As a small business owner, handing over your personal car keys to employees may be seamless—but only at the early stages of a business. Sooner or later, you'll need to switch to a commercial car to meet the growing needs of your company. After all, your sedan can't handle everything you throw at it.
For example, if your landscaping business would be better off switching from portable lawnmowers to commercial-grade machinery, you'll need to invest in a dedicated van or truck to carry that equipment to the job site.
But how should you go about investing in a car? Is it better to buy a car for your business or get another personal vehicle? Should you lease or buy a car?
We'll answer all that and more, so let's dive in.
Is It Worth Buying a Car for Your Business?
It's worth buying a car for your business if you frequently need a vehicle for business activities—like transporting equipment or delivering goods.
In fact, you can write off some of your car expenses to lower your tax bill, which is a win-win scenario for any small business owner.
That said, if your business is relatively small, you can also go without buying a commercial car.
For example, if you operate a small residential landscaping business whose clients are within a 20-mile radius, you can continue using a personal car if your equipment is compact and portable.
Should You Lease or Buy a Car?
The decision between leasing and buying a car for business depends on how free your cash flow is. If you can take some cash out of the business without compromising its growth, it's better to buy a vehicle because you can use it whichever way you like and visually brand it as your company car.
But if you're short on capital, you may be better off leasing a car since buying one requires a significant upfront investment.
Now that we've answered your burning questions let's look at the finer details.
Who Should Buy a Car for their Business?
Buying a car for business is worth it for many small business owners if the car will see frequent use. Examples include:
- Contractors: Plumbers, painters, electricians, roofers, and carpenters often need to transport tools, equipment, and material to job sites, so it's useful to have a company truck or van when growing or starting as a contractor.
- Food services: You may need a truck or a van to run or start running a catering business or mobile restaurant since you'll need to transport large amounts of food and equipment to event venues.
- Delivery services: If you offer local delivery as a part of your business, you could use a dedicated business vehicle, especially if you own a restaurant or retail store.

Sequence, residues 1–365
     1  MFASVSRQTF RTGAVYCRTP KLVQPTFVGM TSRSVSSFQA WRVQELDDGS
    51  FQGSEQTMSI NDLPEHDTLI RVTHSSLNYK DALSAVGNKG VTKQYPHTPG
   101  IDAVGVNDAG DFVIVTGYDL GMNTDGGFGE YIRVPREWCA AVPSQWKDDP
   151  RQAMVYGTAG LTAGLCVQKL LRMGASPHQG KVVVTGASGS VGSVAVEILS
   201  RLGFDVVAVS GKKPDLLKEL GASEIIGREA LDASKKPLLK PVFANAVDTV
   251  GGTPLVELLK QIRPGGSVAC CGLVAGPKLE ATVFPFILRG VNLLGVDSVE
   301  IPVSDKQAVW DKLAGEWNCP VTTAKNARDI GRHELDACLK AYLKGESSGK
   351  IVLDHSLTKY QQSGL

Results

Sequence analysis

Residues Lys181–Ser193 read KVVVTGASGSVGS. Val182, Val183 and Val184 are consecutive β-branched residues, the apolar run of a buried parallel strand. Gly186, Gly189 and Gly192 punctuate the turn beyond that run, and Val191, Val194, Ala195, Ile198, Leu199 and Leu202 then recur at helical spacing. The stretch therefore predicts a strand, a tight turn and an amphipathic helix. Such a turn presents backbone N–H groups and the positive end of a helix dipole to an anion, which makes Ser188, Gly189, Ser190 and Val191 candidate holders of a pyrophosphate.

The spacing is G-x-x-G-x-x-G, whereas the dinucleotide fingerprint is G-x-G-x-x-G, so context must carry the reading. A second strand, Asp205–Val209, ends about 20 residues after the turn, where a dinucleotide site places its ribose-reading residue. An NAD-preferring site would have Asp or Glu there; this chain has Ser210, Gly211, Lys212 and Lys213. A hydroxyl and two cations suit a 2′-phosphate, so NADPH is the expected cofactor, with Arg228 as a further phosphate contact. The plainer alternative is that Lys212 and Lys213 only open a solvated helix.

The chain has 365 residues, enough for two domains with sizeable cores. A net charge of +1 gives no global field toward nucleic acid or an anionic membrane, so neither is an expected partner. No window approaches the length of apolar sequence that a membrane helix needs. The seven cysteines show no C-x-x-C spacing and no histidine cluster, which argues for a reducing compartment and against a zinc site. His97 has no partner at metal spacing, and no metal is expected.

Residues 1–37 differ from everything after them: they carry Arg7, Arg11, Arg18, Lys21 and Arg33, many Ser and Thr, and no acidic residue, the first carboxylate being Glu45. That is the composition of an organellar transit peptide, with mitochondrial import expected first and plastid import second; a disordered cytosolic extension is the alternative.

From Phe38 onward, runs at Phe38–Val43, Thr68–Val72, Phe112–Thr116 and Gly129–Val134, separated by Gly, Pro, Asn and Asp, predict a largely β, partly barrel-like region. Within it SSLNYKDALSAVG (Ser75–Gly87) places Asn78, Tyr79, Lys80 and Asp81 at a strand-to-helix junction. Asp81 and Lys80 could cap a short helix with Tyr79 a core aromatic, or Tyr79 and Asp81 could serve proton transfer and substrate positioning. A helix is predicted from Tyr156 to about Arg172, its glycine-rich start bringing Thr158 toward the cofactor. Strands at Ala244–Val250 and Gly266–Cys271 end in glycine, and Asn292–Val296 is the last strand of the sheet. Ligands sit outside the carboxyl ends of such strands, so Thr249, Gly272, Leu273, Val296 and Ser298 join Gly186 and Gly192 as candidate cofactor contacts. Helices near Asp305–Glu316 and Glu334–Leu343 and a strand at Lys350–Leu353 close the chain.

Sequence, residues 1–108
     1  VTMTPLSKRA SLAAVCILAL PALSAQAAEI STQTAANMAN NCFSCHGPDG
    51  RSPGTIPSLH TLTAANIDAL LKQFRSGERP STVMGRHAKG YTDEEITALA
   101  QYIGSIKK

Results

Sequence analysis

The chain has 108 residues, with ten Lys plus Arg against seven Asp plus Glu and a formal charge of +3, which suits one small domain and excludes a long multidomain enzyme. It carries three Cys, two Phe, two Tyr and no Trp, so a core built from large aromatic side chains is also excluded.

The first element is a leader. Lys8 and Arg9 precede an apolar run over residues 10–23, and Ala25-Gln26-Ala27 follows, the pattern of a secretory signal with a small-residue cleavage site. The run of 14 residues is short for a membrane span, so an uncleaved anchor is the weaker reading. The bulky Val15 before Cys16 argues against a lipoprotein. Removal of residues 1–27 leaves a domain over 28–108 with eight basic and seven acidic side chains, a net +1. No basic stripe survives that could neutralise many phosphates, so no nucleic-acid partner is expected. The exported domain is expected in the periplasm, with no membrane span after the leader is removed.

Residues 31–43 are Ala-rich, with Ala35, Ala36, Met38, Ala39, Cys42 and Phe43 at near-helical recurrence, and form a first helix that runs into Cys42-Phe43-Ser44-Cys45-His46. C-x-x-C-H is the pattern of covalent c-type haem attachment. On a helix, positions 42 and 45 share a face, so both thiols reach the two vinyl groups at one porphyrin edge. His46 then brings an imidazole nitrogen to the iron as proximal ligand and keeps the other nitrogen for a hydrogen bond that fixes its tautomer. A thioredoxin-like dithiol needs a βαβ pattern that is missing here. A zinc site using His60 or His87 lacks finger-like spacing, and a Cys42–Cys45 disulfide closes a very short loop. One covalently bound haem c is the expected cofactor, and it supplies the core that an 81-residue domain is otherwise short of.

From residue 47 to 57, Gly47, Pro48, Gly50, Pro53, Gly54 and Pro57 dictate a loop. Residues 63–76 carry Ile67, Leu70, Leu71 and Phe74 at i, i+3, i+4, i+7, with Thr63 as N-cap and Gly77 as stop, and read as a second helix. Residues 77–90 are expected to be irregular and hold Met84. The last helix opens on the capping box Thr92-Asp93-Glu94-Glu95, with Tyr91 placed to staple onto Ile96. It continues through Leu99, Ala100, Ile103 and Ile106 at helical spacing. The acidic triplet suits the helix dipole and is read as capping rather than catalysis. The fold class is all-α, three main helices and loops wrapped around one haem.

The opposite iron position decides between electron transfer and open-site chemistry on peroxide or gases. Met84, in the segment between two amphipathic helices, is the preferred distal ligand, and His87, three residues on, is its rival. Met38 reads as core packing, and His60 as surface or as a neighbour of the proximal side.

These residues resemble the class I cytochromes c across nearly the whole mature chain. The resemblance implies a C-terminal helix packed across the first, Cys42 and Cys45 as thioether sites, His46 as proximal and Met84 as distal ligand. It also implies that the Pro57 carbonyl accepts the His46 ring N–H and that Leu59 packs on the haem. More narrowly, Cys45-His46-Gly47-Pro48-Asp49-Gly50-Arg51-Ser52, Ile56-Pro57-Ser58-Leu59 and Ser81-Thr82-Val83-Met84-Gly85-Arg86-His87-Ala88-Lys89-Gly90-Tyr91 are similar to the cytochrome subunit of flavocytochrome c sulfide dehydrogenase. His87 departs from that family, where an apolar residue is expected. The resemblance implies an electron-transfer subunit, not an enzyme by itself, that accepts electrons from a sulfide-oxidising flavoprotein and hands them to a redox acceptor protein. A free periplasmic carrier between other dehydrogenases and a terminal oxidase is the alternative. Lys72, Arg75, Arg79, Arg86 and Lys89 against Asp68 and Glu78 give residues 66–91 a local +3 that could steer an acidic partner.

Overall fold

That said, weigh the pros and cons of a commercial car before taking the plunge.
Pros and Cons of Buying a Car for Business
A business vehicle has its perks and drawbacks. On one hand, you can save on taxes and customize your vehicle. On the other hand, you have to bear higher maintenance costs and additional insurance expenses.
Let's see what buying a car for your business gets you.
Since you pay for a company car to improve your business operations, it's a legitimate business expense that lowers your taxable income.
Typically, that means writing off car-related payments as business expenses. This includes depreciation expenses, fuel costs, maintenance costs, interest payments, and insurance fees.
That said, tax regulations are as clear as mud on a rainy day, so we'll explain how it all works later in this guide.
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If you regularly use a vehicle for business, buying a car could help you reduce operating expenses. You won't need to pay for another service to deliver your goods, haul your equipment, or shuttle your employees. Instead, you'll rely on your business vehicle for all those activities.
A rented or leased vehicle leaves little room for customization. You can't apply your branding or modify the vehicle according to your specific business needs. In contrast, if you own a car for your business, you can make it your own by making modifications.
For example, a landscaping business owner might consider installing racks, bins, and shelving units inside the vehicle to organize equipment and supplies.
While a company vehicle offers several advantages, it does come with added challenges.
Higher Capital Costs
Purchasing a car usually requires a hefty initial investment—whether you opt for a cash purchase or decide to take out an auto loan.
If you don't have spare cash, you may end up disrupting your normal course of business operations to free up some of your budget. If that rings true for your business, renting or leasing a business vehicle might be a safer choice.
Significant Monthly Payments
Regardless of whether you go with a lease or auto loan, you'll have to deal with monthly payments. Loan repayments typically cost more than a lease, but on the bright side, you'll have ownership of the vehicle.
Don't forget to factor the cost of insurance into your estimates. If you end up purchasing a vehicle, you may have to sign up for a commercial auto insurance package—something that may be handled for you if you go with a lease provider.